By Genevieve Zalatorius and Tony Wesolovsky
Bratislava, 18 April 1997 (RFE/RL) - Russian Prime Minister Viktor Chernomyrdin will visit Slovakia at the end of the month. The two-day official visit was announced yesterday by the Slovak government.
Chernomyrdin, who last visited Slovakia in 1995, is due to sign several bilateral Slovak agreements. He will also hold talks with Slovak Premier Vladimir Meciar, who is fluent in Russian.
Both sides are expected to discuss how to solve Russia's indebtedness to Slovakia, which now totals about $1.8 billion dollars. The two governments will consider, among other proposals, a plan for spreading out debt repayment over six or seven years.
In addition, officials of the Russian gas giant Gazprom are expected to accompany the Russian Prime Minister to Slovakia. Their presence suggests that the two governmets are seeking to finalize an agreement to form a joint Russian-Slovak natural gas company.
An official from the Slovak Gas Industry company SPP said that nothing is definite yet, but that there are plans to establish a new company.
Slovakia and Russia have long been trading partners. But while many former Central European countries have sought to distance themselves from Moscow, Slovakia has not. In recent years, Slovakia has come increasingly under attack from the West over its close ties to Russia, which are perceived as endangering its entry into NATO and other Western structures.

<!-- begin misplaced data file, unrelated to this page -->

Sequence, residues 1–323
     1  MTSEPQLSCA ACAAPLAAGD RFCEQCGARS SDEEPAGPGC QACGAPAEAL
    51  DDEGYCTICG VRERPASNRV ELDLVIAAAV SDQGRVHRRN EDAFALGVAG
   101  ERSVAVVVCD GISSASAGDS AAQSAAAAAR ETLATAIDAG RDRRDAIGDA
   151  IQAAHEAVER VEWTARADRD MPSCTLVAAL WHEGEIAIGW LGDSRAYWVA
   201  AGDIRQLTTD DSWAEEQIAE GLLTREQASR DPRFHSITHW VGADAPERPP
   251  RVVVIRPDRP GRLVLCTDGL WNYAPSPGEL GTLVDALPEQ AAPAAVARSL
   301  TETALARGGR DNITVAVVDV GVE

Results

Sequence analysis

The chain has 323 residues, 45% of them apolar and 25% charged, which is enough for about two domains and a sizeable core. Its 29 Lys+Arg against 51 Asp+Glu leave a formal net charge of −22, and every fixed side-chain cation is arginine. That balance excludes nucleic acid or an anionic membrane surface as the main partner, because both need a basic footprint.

High-ranking visits by Russian officials to Bratislava are nothing new. Last year Yevgeny Primakov, after he was appointed Russia's Foreign Minister, paid one of his first state visits to Slovakia to meet with Prime Minister Meciar. Also last year, Russian Interior Minister Anatoli Kulikov paid a three-day visit to Slovakia.
The Russians have reciprocated and not forgotten their neighbors. In December 1995, Slovak Prime Minister Meciar was awarded an honorary degree by Moscow's Lomonosov University for his help in enhancing relations between the two countries.
The trip to Bratislava will follow an important visit next week by Chernomyrdin to Slovakia's neighbor, the Czech Republic (April 20-22). Relations between Moscow and Prague have deteriorated recently, after the Czechs angered Gazprom and Russian officials by announcing a deal to purchase gas from Norway and reduce their reliance on Russian gas exports. The Russians also have warned they will re-evaluate relations with Prague if the former Warsaw Pact nation accepts an invitation to join NATO, which now seems likely to occur in July.